Comparative Effectiveness of Neoadjuvant Chemoradiation Versus Upfront Surgery in the Management of Recto-Sigmoid Junction Cancer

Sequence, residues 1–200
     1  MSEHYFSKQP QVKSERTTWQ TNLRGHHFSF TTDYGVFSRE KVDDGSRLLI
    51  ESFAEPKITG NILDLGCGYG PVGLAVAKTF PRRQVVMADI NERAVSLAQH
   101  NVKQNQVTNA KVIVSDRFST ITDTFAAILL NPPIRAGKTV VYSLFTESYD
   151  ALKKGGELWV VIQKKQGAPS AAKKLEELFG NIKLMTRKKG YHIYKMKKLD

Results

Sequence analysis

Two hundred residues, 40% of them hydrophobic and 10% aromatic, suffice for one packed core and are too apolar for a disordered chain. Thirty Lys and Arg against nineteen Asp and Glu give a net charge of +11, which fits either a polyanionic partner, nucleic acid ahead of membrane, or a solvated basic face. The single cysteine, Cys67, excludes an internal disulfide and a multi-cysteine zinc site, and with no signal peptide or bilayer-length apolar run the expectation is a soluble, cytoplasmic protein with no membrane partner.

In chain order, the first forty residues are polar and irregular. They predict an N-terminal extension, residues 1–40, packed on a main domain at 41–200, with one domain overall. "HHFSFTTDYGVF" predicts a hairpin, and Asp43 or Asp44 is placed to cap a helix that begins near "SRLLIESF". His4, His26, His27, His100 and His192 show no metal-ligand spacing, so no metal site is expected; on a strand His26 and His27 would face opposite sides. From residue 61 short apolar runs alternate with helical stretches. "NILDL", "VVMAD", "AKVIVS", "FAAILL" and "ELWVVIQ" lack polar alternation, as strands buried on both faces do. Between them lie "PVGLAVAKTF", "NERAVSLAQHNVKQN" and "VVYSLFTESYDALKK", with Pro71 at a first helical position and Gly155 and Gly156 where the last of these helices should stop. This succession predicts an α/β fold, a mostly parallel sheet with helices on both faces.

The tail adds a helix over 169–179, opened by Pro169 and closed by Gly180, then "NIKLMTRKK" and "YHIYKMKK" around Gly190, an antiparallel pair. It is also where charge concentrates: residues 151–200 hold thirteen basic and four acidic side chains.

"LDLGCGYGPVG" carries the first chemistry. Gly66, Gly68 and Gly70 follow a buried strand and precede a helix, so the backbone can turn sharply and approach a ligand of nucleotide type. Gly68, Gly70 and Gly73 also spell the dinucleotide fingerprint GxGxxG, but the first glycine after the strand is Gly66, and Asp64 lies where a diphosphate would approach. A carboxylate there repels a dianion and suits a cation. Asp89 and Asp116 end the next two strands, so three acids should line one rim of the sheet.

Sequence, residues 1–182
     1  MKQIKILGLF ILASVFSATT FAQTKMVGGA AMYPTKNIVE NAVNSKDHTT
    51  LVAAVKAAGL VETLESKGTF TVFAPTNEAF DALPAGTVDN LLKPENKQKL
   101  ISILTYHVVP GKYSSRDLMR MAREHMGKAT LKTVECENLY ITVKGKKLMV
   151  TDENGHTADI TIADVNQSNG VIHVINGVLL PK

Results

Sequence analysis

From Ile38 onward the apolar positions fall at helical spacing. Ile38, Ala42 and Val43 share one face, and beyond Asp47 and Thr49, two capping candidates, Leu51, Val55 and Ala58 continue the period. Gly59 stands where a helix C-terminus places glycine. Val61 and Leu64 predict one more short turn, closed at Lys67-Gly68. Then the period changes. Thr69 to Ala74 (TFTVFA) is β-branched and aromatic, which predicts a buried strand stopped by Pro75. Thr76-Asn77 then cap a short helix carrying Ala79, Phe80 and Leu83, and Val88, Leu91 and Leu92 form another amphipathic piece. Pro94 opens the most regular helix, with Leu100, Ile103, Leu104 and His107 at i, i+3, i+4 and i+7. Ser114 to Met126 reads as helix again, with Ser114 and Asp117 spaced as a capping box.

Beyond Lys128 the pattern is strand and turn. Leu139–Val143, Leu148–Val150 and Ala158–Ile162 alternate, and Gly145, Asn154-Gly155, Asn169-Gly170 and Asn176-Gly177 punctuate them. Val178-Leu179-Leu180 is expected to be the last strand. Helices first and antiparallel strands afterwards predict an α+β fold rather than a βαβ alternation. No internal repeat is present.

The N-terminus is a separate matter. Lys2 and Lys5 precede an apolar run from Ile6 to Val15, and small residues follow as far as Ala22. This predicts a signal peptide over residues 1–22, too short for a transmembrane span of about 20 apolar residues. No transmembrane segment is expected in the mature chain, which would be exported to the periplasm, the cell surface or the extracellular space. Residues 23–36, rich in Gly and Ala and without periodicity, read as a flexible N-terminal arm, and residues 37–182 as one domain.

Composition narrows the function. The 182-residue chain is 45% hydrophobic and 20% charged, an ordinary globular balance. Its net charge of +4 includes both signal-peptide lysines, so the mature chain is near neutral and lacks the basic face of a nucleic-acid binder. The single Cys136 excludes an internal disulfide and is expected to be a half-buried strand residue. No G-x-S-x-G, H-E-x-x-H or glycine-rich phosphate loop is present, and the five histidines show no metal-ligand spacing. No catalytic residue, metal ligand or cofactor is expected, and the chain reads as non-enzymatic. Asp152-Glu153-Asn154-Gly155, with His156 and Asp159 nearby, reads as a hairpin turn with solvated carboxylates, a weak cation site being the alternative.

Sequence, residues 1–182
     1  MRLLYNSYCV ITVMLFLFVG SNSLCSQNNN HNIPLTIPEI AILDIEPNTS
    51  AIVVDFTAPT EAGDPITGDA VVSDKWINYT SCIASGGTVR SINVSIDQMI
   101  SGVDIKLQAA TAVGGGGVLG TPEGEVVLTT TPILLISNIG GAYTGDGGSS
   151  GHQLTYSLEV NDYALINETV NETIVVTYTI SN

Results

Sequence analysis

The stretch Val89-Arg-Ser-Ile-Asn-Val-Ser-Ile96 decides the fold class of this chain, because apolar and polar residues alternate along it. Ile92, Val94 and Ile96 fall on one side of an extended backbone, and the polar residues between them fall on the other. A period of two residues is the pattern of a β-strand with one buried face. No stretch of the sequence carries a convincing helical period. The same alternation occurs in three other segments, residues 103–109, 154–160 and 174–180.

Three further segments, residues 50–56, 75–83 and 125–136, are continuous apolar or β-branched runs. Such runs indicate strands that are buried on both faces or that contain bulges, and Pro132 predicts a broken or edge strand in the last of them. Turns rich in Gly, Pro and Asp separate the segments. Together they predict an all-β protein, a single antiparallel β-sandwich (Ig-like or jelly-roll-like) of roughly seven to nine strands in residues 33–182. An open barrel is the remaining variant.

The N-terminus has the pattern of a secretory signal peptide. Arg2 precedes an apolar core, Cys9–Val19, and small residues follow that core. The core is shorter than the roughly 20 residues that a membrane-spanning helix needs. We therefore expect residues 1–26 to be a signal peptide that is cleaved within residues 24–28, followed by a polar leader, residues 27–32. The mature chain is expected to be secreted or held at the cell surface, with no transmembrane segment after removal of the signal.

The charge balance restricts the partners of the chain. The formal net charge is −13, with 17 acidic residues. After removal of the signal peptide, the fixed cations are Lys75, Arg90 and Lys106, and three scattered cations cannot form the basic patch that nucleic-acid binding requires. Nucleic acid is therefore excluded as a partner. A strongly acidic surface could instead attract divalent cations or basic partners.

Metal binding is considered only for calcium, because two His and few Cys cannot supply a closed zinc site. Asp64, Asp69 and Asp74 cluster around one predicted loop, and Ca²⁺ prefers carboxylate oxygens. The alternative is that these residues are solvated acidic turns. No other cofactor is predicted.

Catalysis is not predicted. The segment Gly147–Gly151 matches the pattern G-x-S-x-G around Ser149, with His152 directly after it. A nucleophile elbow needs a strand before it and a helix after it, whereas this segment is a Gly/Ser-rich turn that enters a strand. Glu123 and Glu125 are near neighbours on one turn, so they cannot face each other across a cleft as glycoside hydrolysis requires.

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Micro-Abstract:The optimal management of patients with locally advanced recto-sigmoid cancer is unclear. Using the National Cancer Database, we assessed patterns of care and outcomes associated with upfront surgery versus neoadjuvant chemoradiation followed by surgery. Although neoadjuvant chemoradiation was used in a small percentage of patients, its use was associated with more complete resections, a robust pathologic complete response rate, and improved overall survival.Introduction:The optimal management of locally advanced recto-sigmoid cancer is unclear. Although some experts advocate for upfront surgery, others recommend neoadjuvant chemoradiation followed by surgery. We used the National Cancer Database to characterize patterns-of-care and overall survival (OS) associated with these treatment strategies.Patients and Methods:Patients with clinical stage II or III recto-sigmoid cancer who underwent surgery with or without adjunctive chemotherapy and/or radiotherapy from 2006 to 2014 were identified, and dichotomized into: (1) upfront surgery, and (2) neoadjuvant chemoradiation cohorts. Patterns-of-care were assessed using multivariable logistic regression. The association between neoadjuvant chemoradiation use and OS was assessed using Cox proportional hazards analysis with propensity score-matching.Results:Of 9313 identified patients, 6756 (73%) underwent upfront surgery and 2557 (27%) received neoadjuvant chemoradiation. Treatment at academic facilities and higher clinical T stage were predictors of neoadjuvant chemoradiation use. Compared with upfront surgery, neoadjuvant chemoradiation resulted in fewer positive circumferential resection margins (384 [11%] patients vs. 108 [8%] patients; P = .001), and 478 [18.7%] patients achieved a pathologic complete response at surgery. In propensity score-matched analysis, neoadjuvant chemoradiation use was associated with improved OS (hazard ratio, 0.79; 95% confidence interval, 0.69–0.90) compared with upfront surgery; 5-year estimated OS was 77.0% versus 72.0%, respectively. The improvement in OS persisted in landmark analysis of patients who survived at least 12 months.Conclusion:Only a small percentage of patients with locally advanced recto-sigmoid cancer receive neoadjuvant chemoradiation even though its use might result in improved OS relative to upfront surgery. Prospective research is warranted to validate and standardize therapeutic strategies in patients with recto-sigmoid cancer.

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